Bringing High-Achieving Students to High-Achieving Schools
Community college is often perceived as a place for low-achieving students who, for one reason or another, aren't capable of succeeding at bachelor's institutions. Even in programs that are designed to help students transfer to a 4-year institution after receiving their associate's degrees, students are rarely encouraged to apply to America's elite colleges and universities.
But the truth is, community colleges aren't just the most ethnically diverse institutions in the country - they also represent the full spectrum of academic ability. Nearly half of all American undergrads are enrolled at community colleges, and that number is rising. Recent research has found that 2-year institutions have absorbed the majority of the recession-driven surge in college enrollment. Among this population are millions of full-time, low-income students of traditional college age (18-24), a group primed to benefit the most from transfer to a 4-year school.
This is where the Jack Kent Cooke Foundation comes in. In 2005, they launched the Community College Transfer Initiative (CCTI) to study and promote the successful transfer of high-achieving community college students to selective colleges and universities. Past research from the CCTI has shown that students who are able to transfer have high success rates. Seventy-five percent of community college transfers at elite schools earn their bachelor's degree within 8.5 years of high school graduation. And for low-income students, the community college years are often a crucial step - the lowest socioeconomic status (SES) community college students who transfer are much more likely to graduate than their peers who went directly to a 4-year school.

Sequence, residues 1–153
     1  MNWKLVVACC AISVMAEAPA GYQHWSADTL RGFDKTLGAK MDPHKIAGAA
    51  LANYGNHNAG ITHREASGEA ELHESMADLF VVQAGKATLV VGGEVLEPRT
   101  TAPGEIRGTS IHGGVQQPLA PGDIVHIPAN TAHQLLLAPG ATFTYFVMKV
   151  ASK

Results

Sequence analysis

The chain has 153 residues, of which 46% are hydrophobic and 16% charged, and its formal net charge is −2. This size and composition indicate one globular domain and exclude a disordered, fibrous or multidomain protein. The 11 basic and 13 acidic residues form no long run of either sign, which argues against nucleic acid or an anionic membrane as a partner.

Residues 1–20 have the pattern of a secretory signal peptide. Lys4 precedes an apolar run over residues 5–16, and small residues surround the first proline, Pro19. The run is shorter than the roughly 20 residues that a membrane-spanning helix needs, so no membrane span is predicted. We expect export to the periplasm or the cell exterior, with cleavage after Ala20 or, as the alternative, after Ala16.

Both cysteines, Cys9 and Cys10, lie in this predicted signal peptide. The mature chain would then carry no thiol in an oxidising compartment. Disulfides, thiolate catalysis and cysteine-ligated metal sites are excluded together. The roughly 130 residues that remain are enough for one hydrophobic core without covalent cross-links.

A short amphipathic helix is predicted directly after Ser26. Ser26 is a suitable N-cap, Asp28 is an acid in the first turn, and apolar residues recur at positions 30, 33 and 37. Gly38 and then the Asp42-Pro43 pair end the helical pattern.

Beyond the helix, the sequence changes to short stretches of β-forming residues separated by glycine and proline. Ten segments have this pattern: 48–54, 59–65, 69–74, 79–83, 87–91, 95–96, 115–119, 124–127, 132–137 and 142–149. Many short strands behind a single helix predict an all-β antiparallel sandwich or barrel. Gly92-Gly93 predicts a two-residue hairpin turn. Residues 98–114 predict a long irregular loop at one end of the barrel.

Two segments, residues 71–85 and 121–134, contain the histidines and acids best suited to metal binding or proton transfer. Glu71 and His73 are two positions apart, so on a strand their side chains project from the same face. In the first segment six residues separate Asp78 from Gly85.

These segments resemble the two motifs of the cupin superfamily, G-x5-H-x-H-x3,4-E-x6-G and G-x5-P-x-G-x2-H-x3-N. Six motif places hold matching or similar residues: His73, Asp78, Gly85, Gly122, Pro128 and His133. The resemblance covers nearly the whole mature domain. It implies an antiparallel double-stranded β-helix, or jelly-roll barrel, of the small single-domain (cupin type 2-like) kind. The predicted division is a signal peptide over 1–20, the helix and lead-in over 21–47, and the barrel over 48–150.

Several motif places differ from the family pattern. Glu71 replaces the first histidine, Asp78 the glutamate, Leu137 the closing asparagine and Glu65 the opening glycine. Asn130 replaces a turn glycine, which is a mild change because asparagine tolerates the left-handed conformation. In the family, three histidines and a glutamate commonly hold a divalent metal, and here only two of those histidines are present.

The Initiative is working to change the perception that community college students can't succeed at elite schools and increase successful transfer rates among this population. For the past three years, eight of the nation's top-tier postsecondary institutions have participated in an ongoing study of the best practices to improve the transfer experience and increase the likelihood of personal and academic success. These schools include Amherst College, Bucknell University, Cornell University, Mount Holyoke College, the University of California Berkeley, the University of North Carolina at Chapel Hill, the University of Michigan Ann Arbor and the University of Southern California.
In a review released today, the Foundation reported that results have 'far exceeded' the goals of the initiative. Together, the institutions enrolled almost 2,000 more lower-income community college students. Many students credit the program with guiding them through the transfer process - 41% of CCTI students surveyed were the first in their family to attend any 4-year college or university, and many say that they would not have even considered applying to a selective school without the encouragement of CCTI. Furthermore, the Initiative's outreach efforts have helped smooth the transition both academically and socially, preparing them for success at their new institution.
Participating colleges also report seeing benefits from the program. Community college transfers have increased campus diversity, made notable intellectual contributions to the classroom and become exceptionally engaged in the local community. Many have even gone on to become peer mentors and transfer ambassadors to other prospective transfer students.
In addition to helping students apply, enroll and settle in, the Initiative has worked with institutions to smooth the credit transfer process. They found that increasing transparency, flexibility and a willingness to negotiate between community colleges and 4-year institutions was more effective than formal agreements and strict policies.
The Foundation has expressed hope that the successful practices developed through this pilot program will be replicated throughout the country's 4-year colleges and universities. Emily Froimson, Director of Higher Education Programs at the Foundation, notes that 'Talented community college students can thrive at highly selective institutions if assisted with admissions and financial aid applications as well as orientation and academic support. The CCTI has demonstrated that there are exceptional lower-income students in community colleges capable of succeeding at the nation's best 4-year institutions and that their partnerships with community colleges can identify these students and ensure their success.'